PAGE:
But many Americans think Congress is out of touch. How, they wonder, can lawmakers empathize with the underinsured or those lacking insurance when they receive a benefits package -- heavily subsidized by taxpayers -- that most of us can only envy?

http://articles.latimes.com/2009/aug/02/nation/na-congress-benefits2

Kontum1972 4 years, 4 months ago

i wonder how many face lifts and tucks we have paid for...for our legislators....LoL!

uncleandyt 4 years, 4 months ago

Our paid and unpaid deceivers pretend that Obama wrote the bill. I don't think good answers to bad problems can be found by people who aren't willing to recognize the truth. Who wrote the bill?

Richard Heckler 4 years, 4 months ago

From Mother Jones:

As The New Republic's Jonathan Cohn points out, the score is now even in terms of rulings on the federal law—with two federal judges ruling against it and two other judges ruling in favor of it—"while about a dozen more have dismissed lawsuits without even hearing it."

The final word still lies with the Supreme Court, just as before.

Richard Heckler 4 years, 4 months ago

The congressional hearings saw a wall of medical insurance industry CEO's sitting in front of our elected officials.

Insurance CEO's and lobbyists are advisors to our elected officials which is a conflict of interest.

Why on earth do elected officials call in the same people who finance their campaigns to inquire how they should write up health care insurance legislation?

A congressional investigation turned up a large bucket of medical insurance fraud on the medical insurance consumers yet went to this same source to determine how to write up medical insurance legislation.

Gregory Newman 4 years, 4 months ago

just make it illegal for medical insurance to be stock on wall street.

jaywalker 4 years, 4 months ago

Ummmm, then every insurance company would fail, best. Insurers rely on stock to keep their coffers full to pay claims. Federal law stipulates that a health insurer must possess something like 4x the amount they pay out in an average claim month in order to ensure claims can be paid in event of emergencies, pandemics, etc.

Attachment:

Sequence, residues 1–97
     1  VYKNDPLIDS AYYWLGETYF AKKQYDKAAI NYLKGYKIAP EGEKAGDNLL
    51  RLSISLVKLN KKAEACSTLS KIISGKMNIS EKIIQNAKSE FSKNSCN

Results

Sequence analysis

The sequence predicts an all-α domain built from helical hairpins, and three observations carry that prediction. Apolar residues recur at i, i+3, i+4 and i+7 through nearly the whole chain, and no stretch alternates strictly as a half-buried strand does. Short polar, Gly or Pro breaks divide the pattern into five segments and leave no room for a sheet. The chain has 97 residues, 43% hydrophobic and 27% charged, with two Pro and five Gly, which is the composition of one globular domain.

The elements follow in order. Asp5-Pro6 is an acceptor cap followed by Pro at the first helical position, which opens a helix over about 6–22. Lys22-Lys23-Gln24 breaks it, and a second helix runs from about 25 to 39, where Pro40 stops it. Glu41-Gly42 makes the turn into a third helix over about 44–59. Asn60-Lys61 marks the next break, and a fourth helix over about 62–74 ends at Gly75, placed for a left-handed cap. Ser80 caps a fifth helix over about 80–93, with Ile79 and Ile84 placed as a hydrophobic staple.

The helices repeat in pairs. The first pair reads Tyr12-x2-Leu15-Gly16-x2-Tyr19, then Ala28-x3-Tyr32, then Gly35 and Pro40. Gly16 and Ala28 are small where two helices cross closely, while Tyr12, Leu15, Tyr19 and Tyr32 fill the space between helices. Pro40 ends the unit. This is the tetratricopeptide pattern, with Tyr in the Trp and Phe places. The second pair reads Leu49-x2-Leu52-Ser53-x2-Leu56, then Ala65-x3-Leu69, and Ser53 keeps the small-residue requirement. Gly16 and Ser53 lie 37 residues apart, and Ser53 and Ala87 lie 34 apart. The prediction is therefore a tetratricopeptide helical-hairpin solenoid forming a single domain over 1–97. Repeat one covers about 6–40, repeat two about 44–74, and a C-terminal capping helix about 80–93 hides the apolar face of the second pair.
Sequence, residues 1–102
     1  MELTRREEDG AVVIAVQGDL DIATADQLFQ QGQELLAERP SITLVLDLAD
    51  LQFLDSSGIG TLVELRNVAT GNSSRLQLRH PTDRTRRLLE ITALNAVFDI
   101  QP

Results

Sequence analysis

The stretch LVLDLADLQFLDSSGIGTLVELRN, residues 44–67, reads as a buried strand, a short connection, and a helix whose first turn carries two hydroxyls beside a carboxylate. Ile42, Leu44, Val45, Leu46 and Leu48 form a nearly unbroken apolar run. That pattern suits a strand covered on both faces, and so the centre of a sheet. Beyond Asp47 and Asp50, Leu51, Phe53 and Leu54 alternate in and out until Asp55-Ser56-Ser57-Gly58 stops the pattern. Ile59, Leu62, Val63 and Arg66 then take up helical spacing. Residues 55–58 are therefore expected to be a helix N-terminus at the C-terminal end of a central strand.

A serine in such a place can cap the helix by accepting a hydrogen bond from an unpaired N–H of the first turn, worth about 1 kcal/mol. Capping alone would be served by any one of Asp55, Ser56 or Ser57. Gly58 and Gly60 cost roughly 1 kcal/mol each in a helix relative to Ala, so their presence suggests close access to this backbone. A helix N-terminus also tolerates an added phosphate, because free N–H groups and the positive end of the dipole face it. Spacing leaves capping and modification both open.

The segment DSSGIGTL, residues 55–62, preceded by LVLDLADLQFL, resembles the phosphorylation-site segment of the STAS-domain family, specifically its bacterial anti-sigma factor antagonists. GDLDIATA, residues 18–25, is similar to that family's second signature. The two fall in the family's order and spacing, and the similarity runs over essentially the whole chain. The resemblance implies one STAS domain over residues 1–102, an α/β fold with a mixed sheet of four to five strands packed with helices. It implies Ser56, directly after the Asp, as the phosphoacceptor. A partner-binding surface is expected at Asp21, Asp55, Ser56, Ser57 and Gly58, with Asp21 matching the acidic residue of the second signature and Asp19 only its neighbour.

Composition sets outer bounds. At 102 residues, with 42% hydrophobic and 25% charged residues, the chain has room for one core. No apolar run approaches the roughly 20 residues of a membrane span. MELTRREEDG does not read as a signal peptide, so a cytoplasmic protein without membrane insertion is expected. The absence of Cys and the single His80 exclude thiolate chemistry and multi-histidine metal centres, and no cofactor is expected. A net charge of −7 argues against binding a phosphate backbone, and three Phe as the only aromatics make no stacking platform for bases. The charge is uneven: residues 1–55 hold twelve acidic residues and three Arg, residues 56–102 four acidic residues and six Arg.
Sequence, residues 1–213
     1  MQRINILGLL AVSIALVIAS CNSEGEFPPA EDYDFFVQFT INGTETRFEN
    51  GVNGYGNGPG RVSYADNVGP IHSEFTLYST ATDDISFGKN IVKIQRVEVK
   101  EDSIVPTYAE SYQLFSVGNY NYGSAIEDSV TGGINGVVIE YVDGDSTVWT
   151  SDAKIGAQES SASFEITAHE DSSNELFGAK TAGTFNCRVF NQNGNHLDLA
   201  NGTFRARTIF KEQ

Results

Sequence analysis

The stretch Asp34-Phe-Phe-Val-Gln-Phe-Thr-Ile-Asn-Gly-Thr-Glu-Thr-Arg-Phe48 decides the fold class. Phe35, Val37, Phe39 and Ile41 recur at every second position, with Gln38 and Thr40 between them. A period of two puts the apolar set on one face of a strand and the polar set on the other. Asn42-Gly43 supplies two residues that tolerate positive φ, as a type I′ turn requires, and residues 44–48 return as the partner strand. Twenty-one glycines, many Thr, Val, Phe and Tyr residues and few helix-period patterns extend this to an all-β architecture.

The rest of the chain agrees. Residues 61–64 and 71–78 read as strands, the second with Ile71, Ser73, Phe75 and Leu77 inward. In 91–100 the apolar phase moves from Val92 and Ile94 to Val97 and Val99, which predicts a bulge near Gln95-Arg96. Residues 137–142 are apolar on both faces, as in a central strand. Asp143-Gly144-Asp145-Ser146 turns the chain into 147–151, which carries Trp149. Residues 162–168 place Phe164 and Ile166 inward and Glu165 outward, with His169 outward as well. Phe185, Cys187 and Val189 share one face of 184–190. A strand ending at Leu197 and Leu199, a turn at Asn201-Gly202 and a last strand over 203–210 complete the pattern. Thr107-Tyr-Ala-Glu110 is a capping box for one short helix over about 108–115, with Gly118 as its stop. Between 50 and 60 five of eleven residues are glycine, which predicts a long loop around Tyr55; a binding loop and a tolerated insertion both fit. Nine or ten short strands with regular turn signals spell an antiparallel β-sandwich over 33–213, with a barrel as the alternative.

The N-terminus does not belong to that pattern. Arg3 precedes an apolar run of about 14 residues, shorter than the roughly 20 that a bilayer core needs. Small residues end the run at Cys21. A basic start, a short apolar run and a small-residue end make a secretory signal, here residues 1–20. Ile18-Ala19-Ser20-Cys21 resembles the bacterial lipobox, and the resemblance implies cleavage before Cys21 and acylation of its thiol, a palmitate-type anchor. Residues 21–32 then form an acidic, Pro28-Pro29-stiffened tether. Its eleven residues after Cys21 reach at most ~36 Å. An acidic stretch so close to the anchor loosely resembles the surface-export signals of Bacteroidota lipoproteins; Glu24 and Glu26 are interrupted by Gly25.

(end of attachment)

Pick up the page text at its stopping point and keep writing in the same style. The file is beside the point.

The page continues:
bad_dog 4 years, 4 months ago

"Stock" insurers rely on invested premiums and sales of their stocks to maintain adequate claim reserves (regulatorily mandated reserve and capitalization levels...). 'Mutual" insurance companies are literally owned by their policy owners rather than shareholders and thus, can experience difficulty raising capital. When that occurs, mutual companies are often tempted to de-mutualize so they may sell stock and raise capital.

jayhawklawrence 4 years, 4 months ago

I think there is a way to create a system that is much better than we have now without going to a completely government controlled health care system. I think we need to try some kind of hybrid system of both private and government healthcare options. But I have no faith in our politicians to make an honest effort or to have the brains to sit down and do something reasonable.

Will the Democrats admit to allowing some kind of tort reform and protection for comanies who are unfairly sued by their employees? I am not talking about putting a very low ceiling on damage awards, but a reasonable ceiling. It is too easy for a jury to be packed and swayed by skilled lawyers who can become multi-millionaires at the expense of honest people who did nothing wrong.

How about allowing more interstate competition among health care providers? How about international competition among pharmaceutical companies?

Simply mandating a 100% government controlled health care system is a formula for disaster because we all know that politicians will just throw money at it and never allow it to be properly managed. It will be too much of a temptation to politicize it for personal gain.

To do nothing is unacceptable.

just_another_bozo_on_this_bus 4 years, 4 months ago

Most people never sue over malpractice, despite that fact that it's responsible for killing 200,000 people a year, and seriously injuring and maiming many thousands more.

The whole malpractice/tort reform BS is in many ways similar to the hysteria over voter fraud. They've created an issue out of thin air in order to avoid dealing with any of the very real issues they should be dealing with, but they're well paid for their corruption.